While Cutting Family Planning Funds, Texas Lawmakers Divert Millions To Crisis Pregnancy Centers
Published: November 13, 2013
Atop the increased state funding, CPCs are seeing an additional stream of money thanks to anti-choice legislation filed in 2011. Senate Bill 257 allowed for the creation and purchase of controversial “Choose Life” license plates from the Texas Department of Motor Vehicles. For $30, anyone with a car and an anti-choice point of view can wear their abortion ideology on their back-end bumper. While contention centered on the plates’ message, the controversy was not purely politically cosmetic.
The legislation also set up a special account, administered by the state Attorney General, directing $22 of the sale price to flow to any nonprofit organization that provides material assistance to pregnant women considering adoption without charging for services. The nonprofit must not contract with, affiliate with, or refer to abortion clinics, or (obviously) provide abortions, either. Based on those specific eligibility requirements, the pool of recipients narrow down to mostly CPCs. Further, the account can receive legislative appropriations and private gifts, grants and donations from “any source,” according to the legislation.
During floor debate over the legislation in 2011, then-state Rep. Joaquin Castro (D-San Antonio) described the bill language as “vague” and “disturbing,” and sought to regulate who could be part of the team overseeing fund recipients. State Rep. Villarreal argued unregulated centers shouldn’t see any extra public funding, offering up an amendment that would direct the dollars to regulated maternity homes. Despite these and other arguments, those amendments were tabled and the bill sailed through a Republican majority.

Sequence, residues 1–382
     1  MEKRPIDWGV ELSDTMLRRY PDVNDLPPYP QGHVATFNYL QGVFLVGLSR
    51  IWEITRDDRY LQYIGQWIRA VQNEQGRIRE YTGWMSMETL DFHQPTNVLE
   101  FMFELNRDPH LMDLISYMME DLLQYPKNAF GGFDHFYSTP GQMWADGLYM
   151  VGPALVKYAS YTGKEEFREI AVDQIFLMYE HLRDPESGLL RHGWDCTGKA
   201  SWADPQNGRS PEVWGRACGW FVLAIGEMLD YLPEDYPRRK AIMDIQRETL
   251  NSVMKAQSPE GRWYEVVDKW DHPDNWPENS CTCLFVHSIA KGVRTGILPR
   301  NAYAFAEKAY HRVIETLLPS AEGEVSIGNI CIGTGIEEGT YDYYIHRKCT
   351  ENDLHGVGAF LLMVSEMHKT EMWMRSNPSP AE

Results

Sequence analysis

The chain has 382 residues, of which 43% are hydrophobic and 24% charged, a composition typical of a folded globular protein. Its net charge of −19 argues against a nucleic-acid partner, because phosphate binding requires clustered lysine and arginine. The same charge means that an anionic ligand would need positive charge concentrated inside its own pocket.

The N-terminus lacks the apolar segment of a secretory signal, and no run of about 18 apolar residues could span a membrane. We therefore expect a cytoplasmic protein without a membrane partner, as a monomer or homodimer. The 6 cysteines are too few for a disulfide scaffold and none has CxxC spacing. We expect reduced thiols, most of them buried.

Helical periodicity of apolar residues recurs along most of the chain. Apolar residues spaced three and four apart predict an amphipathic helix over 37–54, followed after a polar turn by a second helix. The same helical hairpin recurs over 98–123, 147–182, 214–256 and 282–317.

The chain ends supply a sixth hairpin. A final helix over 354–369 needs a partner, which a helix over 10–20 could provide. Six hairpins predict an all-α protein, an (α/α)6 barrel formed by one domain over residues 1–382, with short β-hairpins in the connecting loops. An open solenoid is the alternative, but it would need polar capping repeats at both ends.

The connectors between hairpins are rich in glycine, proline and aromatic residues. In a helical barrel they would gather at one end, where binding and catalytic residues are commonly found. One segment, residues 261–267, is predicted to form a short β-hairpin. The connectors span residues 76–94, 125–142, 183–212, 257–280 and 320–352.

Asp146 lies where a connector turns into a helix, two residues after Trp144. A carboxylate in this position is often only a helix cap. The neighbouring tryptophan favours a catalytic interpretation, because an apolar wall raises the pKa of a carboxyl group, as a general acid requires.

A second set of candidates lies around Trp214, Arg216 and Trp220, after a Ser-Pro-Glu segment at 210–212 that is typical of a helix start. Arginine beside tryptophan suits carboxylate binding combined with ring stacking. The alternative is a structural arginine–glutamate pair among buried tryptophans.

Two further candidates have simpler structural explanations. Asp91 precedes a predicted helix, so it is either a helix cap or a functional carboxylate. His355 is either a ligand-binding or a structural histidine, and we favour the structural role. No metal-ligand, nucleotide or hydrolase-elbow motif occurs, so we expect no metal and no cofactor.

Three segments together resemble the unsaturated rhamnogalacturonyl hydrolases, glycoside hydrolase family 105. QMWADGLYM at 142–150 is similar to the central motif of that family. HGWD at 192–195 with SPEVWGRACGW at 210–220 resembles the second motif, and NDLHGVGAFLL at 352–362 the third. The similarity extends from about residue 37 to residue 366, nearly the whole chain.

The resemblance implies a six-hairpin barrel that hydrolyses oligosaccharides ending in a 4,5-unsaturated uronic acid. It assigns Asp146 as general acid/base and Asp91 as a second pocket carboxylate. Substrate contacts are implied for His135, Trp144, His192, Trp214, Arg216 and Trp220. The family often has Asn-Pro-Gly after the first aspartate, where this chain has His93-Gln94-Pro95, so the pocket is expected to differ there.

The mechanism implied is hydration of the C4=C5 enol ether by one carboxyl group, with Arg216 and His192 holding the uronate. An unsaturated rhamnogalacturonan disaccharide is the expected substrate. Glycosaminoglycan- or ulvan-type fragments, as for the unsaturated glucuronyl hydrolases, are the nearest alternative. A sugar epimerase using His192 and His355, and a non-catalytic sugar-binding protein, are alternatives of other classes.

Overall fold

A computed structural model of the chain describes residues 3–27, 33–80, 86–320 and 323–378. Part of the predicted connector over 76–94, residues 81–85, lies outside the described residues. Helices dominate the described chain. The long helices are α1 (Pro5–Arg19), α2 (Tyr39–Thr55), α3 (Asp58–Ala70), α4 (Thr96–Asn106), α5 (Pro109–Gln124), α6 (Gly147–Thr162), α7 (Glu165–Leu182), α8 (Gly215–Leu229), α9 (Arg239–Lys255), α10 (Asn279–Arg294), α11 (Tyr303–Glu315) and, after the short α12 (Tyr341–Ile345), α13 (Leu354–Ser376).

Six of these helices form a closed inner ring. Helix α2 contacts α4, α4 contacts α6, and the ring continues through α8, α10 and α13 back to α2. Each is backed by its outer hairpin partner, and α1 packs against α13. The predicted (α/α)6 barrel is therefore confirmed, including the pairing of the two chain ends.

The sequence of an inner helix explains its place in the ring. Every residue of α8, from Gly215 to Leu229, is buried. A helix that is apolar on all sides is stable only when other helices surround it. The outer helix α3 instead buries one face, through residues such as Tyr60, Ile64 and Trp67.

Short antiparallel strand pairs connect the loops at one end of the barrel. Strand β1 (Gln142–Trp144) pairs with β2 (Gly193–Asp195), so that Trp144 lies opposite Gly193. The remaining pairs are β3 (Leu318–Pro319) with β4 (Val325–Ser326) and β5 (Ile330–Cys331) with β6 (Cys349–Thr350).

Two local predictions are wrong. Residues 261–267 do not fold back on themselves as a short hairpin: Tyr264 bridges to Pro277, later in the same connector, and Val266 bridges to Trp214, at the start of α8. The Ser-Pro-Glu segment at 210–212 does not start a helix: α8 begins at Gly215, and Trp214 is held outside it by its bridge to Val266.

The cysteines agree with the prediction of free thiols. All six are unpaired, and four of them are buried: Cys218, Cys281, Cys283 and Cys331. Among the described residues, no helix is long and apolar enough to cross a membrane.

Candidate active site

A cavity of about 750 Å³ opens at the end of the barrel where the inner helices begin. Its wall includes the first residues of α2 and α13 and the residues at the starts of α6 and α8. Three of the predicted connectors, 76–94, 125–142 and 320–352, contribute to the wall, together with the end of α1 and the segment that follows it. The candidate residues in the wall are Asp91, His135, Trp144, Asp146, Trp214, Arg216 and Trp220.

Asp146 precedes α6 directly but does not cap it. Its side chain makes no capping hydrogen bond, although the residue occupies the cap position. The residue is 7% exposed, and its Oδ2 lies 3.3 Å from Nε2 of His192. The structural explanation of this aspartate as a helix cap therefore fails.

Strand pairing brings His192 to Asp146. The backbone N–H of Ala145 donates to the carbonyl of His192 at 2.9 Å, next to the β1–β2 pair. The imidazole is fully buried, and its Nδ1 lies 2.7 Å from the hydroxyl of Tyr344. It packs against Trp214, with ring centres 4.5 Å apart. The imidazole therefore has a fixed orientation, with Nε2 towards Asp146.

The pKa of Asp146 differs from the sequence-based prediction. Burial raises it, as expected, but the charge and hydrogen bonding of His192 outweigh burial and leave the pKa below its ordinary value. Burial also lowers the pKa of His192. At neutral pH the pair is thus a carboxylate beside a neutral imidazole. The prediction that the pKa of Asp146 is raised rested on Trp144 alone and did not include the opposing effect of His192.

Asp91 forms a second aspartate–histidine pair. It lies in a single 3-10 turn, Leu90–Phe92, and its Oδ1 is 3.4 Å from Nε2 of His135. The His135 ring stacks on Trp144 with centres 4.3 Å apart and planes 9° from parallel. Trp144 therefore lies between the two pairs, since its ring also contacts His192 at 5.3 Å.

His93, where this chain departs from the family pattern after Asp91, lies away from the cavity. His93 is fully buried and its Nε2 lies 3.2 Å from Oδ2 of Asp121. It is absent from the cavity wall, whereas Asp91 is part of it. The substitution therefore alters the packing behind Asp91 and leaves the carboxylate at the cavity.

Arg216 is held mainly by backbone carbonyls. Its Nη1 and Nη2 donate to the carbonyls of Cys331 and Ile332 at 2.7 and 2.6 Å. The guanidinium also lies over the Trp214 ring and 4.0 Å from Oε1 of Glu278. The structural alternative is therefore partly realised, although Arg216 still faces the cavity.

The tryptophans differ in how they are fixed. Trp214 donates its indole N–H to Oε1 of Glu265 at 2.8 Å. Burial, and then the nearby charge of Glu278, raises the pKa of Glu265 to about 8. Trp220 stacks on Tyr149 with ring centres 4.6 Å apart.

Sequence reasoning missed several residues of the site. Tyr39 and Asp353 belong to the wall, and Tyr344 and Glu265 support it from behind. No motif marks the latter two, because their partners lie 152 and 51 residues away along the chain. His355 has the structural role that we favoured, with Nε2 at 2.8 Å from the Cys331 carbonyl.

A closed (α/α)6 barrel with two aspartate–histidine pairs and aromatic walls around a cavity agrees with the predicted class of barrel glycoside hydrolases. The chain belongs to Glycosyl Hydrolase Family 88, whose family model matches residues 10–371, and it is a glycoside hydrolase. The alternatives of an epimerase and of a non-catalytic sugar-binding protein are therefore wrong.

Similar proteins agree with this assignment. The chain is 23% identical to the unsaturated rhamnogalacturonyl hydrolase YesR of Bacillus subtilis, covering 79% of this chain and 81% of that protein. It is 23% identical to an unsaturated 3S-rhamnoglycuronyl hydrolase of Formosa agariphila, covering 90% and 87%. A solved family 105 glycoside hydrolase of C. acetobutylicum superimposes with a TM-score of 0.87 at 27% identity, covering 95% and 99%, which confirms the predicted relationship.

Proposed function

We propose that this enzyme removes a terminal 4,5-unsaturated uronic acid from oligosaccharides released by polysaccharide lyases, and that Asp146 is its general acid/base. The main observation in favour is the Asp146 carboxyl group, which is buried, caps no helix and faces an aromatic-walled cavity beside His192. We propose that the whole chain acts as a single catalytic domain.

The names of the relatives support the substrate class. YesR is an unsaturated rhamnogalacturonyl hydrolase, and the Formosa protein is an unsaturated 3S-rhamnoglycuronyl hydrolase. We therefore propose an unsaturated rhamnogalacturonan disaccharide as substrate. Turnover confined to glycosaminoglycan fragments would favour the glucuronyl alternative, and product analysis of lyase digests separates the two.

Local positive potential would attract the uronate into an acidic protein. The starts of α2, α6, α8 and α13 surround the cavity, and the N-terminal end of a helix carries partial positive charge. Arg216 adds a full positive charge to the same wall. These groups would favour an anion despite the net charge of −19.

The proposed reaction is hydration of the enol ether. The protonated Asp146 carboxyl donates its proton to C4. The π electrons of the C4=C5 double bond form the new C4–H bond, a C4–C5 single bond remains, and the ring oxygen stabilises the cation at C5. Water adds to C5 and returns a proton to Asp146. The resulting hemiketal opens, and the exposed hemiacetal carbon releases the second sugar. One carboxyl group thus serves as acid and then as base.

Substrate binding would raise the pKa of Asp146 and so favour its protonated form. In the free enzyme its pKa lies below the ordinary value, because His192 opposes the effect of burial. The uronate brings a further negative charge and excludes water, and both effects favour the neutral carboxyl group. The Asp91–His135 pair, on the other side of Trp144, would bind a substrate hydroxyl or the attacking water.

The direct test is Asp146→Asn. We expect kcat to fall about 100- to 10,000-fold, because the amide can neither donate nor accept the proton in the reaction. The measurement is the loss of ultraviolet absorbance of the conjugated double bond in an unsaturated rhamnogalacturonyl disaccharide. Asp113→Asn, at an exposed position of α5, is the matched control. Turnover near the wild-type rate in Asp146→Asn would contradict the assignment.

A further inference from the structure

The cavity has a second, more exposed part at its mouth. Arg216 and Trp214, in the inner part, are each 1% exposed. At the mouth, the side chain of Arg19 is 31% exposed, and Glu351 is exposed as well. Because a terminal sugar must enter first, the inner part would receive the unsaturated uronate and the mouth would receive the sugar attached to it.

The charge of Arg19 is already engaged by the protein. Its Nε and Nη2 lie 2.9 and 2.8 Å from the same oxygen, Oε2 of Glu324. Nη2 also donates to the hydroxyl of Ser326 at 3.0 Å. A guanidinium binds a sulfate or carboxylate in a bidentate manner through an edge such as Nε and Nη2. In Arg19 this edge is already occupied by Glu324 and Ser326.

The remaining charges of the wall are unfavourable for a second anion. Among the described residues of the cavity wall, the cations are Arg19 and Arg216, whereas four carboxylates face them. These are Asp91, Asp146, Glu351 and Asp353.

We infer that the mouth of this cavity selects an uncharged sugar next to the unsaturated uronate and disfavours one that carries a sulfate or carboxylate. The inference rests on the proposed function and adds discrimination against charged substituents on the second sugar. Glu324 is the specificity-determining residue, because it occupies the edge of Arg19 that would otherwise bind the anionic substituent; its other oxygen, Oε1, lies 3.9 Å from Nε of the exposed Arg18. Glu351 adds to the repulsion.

Today, that pot of money, some $39,000, netted from plate sales is set to be allocated to 13 grantees with no match or volunteer requirement strings attached. According to records obtained from the Office of the Attorney General, four of the 13 grant award winners already receive state funding through the Alternatives to Abortion program.
To ensure the money falls into the right hands, state Attorney General Greg Abbott stacked the committee tasked with reviewing the grant applications and making recommendations with anti-choice crusaders with backgrounds working for crisis pregnancy centers. Of the seven-member advisory committee, six have ties with or have headed Texas CPCs, some of which are state-funded. One sits on the advisory board of Texas Alliance For Life, the group that lobbied hard to make the plates a reality, and another previously served as a regional coordinator for the Gladney Center for Adoption, a soon-to-be recipient of $10,000 from the plate fund—the most generous grant award given.
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